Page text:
Aphids zap nutrients from plants
Aphids, or plant lice, are pear-shaped, soft-body insects, ranging from 1 to 10 mm (0.039 to .39 inch)in length. They have long antennas and legs, but usually are wingless. Sometimes they look woolly and sometimes they have a waxy appearance. They may be green, yellow, brown, red, black or other colors. Although tiny, they can usually be seen on the undersides of leaves, along stems or on flowers. They usually do not move or they move very slowly. Aphids can be plant specific or they may be generalists. They usually rely on the wind to move them about.
Aphids are opportunistic, attacking plants that are stressed in some way. Stressed plants emit a chemical signal, which alerts aphids. Stress may be caused by too much nitrogen fertilizer used to encourage green, tender growth, which is what aphids love. Aphids may attack plants that get too much or not enough water or sun, or are weak because of transplant shock. Aphids also may attack plants that have been severely pruned, which encourages new, tender growth.
An overuse of pesticides contributes to the problem, too, because they take a toll on natural predators, such as lady beetles, which means there’s little to keep aphids in check. Healthy plants have the best chances of fending off an aphid attack and suffering the least damage.
Low to moderate numbers of aphids do not cause major damage on most plants. If there is a large infestation, you’ll see curling on leaves or flowers,or the plants will turn yellow or become stunted. Another sign is the presence of a sticky substance, called honeydew, on the plants. Ants love honeydew, so the presence of ants usually indicates an aphid problem. Ants’ love of honeydew will prompt them to ward off aphids’ natural predators. Ants may even move aphids out of danger to protect the honeydew production. Sometimes aphids form galls, an abnormal growth of plant tissue. Aphids also may introduce a virus in a plant or promote a disease, such as sooty mold.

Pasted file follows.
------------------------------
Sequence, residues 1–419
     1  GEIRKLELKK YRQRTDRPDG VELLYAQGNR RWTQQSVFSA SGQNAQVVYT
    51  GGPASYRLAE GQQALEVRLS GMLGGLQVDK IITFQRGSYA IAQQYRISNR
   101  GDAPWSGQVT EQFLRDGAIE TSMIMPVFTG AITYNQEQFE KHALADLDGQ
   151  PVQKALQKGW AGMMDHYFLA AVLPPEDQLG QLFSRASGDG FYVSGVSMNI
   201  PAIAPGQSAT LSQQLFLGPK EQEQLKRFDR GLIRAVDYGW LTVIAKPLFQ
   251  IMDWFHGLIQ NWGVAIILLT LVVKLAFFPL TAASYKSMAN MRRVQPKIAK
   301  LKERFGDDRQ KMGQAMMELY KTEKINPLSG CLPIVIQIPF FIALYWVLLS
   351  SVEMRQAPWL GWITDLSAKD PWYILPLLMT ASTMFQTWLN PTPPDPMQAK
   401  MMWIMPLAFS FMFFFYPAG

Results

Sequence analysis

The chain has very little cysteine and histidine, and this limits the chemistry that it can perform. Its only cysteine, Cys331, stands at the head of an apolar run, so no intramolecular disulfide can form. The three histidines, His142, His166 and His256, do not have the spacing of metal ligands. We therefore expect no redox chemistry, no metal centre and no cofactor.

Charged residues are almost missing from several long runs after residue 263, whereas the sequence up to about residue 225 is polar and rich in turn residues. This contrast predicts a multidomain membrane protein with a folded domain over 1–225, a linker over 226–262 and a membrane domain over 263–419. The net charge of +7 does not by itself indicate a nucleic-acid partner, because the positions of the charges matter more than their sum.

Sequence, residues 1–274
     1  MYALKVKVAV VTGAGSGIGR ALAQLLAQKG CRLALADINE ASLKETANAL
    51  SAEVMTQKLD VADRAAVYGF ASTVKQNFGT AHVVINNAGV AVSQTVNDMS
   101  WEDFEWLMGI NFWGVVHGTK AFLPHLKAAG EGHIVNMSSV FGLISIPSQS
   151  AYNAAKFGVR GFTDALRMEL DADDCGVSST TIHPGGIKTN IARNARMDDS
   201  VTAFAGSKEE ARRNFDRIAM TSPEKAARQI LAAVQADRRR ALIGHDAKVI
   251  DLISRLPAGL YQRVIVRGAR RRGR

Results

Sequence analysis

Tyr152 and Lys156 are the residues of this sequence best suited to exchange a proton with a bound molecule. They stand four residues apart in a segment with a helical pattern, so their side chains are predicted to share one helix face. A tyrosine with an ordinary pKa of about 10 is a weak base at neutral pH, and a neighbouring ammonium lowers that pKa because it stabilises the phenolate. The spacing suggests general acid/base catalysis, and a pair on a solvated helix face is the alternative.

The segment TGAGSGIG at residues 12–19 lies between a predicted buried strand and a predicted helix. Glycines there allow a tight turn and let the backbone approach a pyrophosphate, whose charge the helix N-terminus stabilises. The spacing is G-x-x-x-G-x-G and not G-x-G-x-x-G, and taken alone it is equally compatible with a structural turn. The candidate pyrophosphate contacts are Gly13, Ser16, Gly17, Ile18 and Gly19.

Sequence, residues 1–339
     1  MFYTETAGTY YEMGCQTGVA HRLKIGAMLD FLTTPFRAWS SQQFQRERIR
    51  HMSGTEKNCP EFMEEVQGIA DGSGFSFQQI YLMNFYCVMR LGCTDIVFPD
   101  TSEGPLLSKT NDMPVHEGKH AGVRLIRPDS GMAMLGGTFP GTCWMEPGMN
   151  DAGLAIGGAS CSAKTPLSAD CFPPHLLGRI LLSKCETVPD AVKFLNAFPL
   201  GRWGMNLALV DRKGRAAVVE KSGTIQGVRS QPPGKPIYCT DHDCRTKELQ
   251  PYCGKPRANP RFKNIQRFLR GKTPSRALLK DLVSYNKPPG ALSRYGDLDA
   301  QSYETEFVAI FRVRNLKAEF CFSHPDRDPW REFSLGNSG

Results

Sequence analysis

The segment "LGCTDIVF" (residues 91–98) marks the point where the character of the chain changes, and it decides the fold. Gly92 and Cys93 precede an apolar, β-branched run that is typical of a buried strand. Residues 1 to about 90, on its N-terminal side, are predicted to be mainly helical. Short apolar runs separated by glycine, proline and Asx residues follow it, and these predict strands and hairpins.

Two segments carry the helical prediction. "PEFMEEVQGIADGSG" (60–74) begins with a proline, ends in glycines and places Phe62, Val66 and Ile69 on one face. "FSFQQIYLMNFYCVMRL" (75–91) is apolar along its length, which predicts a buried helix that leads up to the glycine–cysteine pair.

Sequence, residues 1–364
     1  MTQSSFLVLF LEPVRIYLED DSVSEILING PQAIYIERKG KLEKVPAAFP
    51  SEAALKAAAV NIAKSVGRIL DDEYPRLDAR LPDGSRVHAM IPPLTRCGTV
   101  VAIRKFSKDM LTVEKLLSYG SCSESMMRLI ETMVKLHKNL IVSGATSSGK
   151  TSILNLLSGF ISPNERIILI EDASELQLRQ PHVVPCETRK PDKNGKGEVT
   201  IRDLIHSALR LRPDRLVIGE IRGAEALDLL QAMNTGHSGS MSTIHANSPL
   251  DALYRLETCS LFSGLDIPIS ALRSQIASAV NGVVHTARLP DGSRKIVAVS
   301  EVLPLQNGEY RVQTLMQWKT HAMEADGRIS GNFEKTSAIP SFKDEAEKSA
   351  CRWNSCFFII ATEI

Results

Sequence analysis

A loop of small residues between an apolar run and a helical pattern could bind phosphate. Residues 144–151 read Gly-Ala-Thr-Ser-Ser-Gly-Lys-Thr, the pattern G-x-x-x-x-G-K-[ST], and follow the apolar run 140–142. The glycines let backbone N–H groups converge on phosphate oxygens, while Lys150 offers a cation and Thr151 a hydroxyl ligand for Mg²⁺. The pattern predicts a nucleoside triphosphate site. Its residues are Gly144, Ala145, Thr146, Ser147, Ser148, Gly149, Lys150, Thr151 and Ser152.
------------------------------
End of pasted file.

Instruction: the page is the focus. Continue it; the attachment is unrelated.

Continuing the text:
What to do?
The first line of defense against aphids is to knock them off the plant with a strong spray from the garden hose. Be sure to spray the undersides of leaves, too. Do this every few days until you no longer see aphids on the plant.
The second line of defense is insecticidal soap, a natural product made with plant-based insecticides and soap. However, this insecticide and most others do not discriminate between the aphids and desirable insects. Aphids have natural predators, including the larvae of lady beetles (see photo). These good bugs control aphids naturally, without any effort on your part.